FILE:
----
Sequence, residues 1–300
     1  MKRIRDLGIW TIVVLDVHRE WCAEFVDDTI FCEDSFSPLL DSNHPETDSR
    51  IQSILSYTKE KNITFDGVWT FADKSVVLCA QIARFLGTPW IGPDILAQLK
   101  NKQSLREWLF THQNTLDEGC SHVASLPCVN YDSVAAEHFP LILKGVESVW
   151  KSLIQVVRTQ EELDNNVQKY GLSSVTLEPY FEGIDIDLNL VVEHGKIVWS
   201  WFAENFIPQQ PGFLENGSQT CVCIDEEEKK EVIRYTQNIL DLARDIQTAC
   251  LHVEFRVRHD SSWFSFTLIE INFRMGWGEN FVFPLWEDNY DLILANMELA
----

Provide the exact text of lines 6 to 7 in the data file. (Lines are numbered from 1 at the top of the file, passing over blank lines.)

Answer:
   201  WFAENFIPQQ PGFLENGSQT CVCIDEEEKK EVIRYTQNIL DLARDIQTAC
   251  LHVEFRVRHD SSWFSFTLIE INFRMGWGEN FVFPLWEDNY DLILANMELA